Using smatch to statically analyze the Kernel source code

Thu, Apr 9, 2015 | tags: C programming Kernel Linux

Smatch is a static code analyzer that is currently developed by the kernel-janitors people (but mostly Dan Carpenter according to the git history of the project). As we all know, we are supposed to be using static analysis tools so let’s get to it!

In order to use smatch just git clone, and make the project like in the following commands after having made sure that you have all dependencies installed that are mentioned here.

git clone git://
cd smatch

After building smatch you ideally should let it populate a database of Kernel functions and their arguments. Smatch will use this DB to make its subsequent analysis more accurate. To build the function DB run the shell script located in the smatch repository at smatch_scripts/ from within the source code directory of the kernel you want to analyze. Ideally you want to run smatch on the source code of the linux-next git repo where the code changes for the next release are being integrated. To get the linux-next source code follow the instructions here.

As soon as the function database has been built (which can take one to three hours) you can execute smatch on the Kernel source code. A handy shell script in the smatch repository can be used to do that. Before running this script we have to take two preparatory steps though.

  1. Checkout the newest linux-next tag so that the code you are analyzing has a higher probability of not having already been fixed (the tags are of the form “next-20150327” for March the 27th for example).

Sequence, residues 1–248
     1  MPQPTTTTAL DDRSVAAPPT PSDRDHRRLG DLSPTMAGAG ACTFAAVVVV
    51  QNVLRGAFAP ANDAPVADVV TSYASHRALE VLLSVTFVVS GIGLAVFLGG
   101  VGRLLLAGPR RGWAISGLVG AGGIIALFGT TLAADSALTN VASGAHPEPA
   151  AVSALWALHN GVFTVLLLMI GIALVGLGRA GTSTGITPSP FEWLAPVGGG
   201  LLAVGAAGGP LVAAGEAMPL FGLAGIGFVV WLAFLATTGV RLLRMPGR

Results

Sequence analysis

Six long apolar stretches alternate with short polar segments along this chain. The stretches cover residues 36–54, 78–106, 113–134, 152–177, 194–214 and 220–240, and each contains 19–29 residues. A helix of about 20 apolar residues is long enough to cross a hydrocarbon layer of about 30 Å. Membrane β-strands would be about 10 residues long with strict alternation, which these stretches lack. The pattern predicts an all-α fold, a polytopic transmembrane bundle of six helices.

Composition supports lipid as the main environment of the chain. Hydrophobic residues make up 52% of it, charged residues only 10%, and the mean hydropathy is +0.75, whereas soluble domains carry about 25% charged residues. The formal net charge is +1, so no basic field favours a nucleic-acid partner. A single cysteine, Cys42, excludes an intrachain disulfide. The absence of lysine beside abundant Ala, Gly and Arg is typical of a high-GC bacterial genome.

2. Make sure that you have an appropriate .config file in the root of your Kernel source tree. The basics on how this file can be generated is described here. Running make help in the root of the Kernel source tree gives you a more recent overview over the possibilities that exist to generate this file.

Afterwards you can just run the smatch_scripts/ script from within your Kernel source tree to start the static code analysis.

The script will probably run for another two hours or so and will aggregate all warnings smatch produces in a file called warns.txt that is placed into the directory the script was run in.

There will most likely be False Positives in the warns.txt file. These can (and should) be reported to the smatch development mailing list at smatch at Someone will then hopefully figure out how to prevent smatch from reporting these in the future (or, even better, you can do it! :P ).

In my opinion, checking these smatch warnings and providing fixes for them is a much more worthwhile use of time for anyone that is interested in Kernel development than fixing errors. Admittedly, doing so is quite a lot more challenging as well.

For example, the fix for an “unreachable code” warning reported by smatch that I assumed to be a True Positive turned out to be some code that was intentionally put there for potential future use (a.k.a. “defensive coding”). As can be seen by reading the archived email thread of my patch submission something useful came of it in the end anyways.

Additional references:

Don’t hesitate to send comments and/or questions to my public-inbox (view).